Qld lockout laws to get over line
Queensland's contentious lockout laws will get over the line after the state's minority government agreed to a raft of Katter party demands.
Despite previously refusing to amend the legislation, Premier Annastacia Palaszczuk on Wednesday morning announced she had been able to secure a last-minute agreement with Katter's Australian Party (KAP) MPs Rob Katter and Shane Knuth.
"My government's laws will pass through the parliament of Queensland," Ms Palaszczuk said.
The government has agreed to look at unemployment issues and investment opportunities in the KAP MPs' electorates and prioritise mental health funding in the next budget, due in June.
The laws will also be amended, allowing for drug offenders to be banned from nightclub precincts and for a phase-in period for trading hours to be added.
A statewide 2am last drinks call will still be imposed from July 1, with venues in nightclub precincts able to serve drinks until 3am.
But a 1am lockout meant to combine with the 3am last drinks call for nightclub precincts won't be imposed now until February 1 next year.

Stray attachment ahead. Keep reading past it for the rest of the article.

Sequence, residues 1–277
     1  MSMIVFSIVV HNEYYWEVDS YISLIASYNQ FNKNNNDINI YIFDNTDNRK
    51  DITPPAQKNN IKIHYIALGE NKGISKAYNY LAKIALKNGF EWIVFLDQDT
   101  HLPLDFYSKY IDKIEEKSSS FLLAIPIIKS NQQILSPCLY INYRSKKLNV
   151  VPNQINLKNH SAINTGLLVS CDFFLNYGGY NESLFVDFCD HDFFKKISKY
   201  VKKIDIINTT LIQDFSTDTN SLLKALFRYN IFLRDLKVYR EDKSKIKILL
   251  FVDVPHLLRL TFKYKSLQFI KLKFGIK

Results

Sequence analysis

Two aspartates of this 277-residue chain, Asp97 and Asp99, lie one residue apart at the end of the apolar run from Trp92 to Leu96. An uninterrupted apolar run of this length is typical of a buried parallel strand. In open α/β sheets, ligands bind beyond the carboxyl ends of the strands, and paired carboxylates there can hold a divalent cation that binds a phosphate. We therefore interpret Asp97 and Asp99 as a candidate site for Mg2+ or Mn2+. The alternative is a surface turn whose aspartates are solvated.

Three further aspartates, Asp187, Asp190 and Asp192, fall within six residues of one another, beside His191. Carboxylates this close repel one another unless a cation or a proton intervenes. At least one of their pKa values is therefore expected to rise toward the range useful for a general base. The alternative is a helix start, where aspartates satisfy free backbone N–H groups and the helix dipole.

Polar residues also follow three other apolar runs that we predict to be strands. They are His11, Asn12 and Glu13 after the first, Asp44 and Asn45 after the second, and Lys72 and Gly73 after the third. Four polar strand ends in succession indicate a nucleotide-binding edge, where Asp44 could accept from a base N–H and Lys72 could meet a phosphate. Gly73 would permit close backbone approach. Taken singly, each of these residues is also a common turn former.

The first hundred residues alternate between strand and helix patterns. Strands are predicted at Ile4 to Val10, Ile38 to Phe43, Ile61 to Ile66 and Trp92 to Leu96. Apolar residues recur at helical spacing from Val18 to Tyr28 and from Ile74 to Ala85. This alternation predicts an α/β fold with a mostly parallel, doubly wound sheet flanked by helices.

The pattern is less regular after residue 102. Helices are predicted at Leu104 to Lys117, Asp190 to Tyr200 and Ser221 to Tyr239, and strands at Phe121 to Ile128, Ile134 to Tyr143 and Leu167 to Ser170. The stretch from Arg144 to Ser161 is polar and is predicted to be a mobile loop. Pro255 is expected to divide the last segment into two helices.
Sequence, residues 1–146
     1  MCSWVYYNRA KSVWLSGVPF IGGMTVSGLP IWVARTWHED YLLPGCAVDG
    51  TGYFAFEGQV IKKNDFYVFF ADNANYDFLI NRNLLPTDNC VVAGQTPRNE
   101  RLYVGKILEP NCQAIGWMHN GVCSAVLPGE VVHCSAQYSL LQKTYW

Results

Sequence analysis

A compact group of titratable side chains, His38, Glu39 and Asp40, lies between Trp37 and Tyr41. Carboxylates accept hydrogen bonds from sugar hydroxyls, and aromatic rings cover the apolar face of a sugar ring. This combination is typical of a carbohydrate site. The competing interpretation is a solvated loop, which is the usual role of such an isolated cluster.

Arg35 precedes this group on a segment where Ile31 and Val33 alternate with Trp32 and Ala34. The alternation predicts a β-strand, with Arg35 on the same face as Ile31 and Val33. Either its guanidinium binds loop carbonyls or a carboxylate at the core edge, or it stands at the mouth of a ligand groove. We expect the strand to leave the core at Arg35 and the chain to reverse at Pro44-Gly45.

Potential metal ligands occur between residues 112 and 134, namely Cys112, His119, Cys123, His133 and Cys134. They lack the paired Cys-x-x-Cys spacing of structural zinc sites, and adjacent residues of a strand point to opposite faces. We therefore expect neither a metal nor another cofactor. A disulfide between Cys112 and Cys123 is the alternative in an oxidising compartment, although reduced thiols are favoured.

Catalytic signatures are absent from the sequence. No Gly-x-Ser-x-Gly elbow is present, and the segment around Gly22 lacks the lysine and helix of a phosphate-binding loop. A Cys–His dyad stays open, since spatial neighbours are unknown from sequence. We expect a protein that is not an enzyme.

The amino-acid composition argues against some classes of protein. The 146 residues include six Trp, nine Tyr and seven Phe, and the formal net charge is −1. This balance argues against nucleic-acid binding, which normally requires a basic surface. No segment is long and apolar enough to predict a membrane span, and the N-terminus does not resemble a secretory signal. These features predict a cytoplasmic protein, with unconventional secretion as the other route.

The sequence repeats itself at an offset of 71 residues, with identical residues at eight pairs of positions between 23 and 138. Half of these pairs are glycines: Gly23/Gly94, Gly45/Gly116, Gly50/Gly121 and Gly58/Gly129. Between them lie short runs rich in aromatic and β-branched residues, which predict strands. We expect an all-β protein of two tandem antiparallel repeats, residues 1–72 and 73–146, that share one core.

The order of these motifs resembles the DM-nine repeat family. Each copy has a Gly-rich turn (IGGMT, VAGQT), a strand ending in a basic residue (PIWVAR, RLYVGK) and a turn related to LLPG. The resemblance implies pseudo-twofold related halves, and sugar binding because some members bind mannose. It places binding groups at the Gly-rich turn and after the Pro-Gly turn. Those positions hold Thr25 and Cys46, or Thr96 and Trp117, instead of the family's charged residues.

There will also be a review of the laws in 2018.
Ms Palaszczuk said she wasn't disappointed the government had to compromise.
"The laws are still intact, it's just a delay," she said.
The premier said the agreement, which came after extensive consultation, had only been reached on Wednesday morning.
Mt Isa-based Mr Katter said KAP needed to use its leverage to push issues important to rural Queensland, particularly a 15 per cent unemployment rate in his electorate.
"Alcohol-fuelled violence is an important social policy for the government, and the impact of unemployment and the economic downturn are important social policy issues for us," Mr Katter said.
The premier will be breathing a sigh of relief after Independent MP Billy Gordon, her only other option for support, earlier this week reaffirmed he was against the laws.
If they had failed, it would have been the first time since taking office the minority government wasn't able to get one of its bills though.
The laws, to which the Liberal National Party remains opposed, will be debated in parliament later on Wednesday.